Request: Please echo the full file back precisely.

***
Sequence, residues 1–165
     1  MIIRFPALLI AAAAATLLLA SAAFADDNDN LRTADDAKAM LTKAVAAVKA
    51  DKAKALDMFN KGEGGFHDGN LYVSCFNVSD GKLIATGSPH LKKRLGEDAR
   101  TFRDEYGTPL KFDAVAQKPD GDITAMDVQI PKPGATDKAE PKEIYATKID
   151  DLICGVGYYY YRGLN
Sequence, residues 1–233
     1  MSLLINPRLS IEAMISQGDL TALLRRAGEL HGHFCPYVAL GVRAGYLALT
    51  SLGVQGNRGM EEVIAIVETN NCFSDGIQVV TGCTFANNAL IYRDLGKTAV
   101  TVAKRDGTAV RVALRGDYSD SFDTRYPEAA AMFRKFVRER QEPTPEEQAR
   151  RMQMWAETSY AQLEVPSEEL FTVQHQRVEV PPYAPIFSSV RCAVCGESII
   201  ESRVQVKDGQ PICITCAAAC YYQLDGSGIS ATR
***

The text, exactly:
Sequence, residues 1–165
     1  MIIRFPALLI AAAAATLLLA SAAFADDNDN LRTADDAKAM LTKAVAAVKA
    51  DKAKALDMFN KGEGGFHDGN LYVSCFNVSD GKLIATGSPH LKKRLGEDAR
   101  TFRDEYGTPL KFDAVAQKPD GDITAMDVQI PKPGATDKAE PKEIYATKID
   151  DLICGVGYYY YRGLN
Sequence, residues 1–233
     1  MSLLINPRLS IEAMISQGDL TALLRRAGEL HGHFCPYVAL GVRAGYLALT
    51  SLGVQGNRGM EEVIAIVETN NCFSDGIQVV TGCTFANNAL IYRDLGKTAV
   101  TVAKRDGTAV RVALRGDYSD SFDTRYPEAA AMFRKFVRER QEPTPEEQAR
   151  RMQMWAETSY AQLEVPSEEL FTVQHQRVEV PPYAPIFSSV RCAVCGESII
   201  ESRVQVKDGQ PICITCAAAC YYQLDGSGIS ATR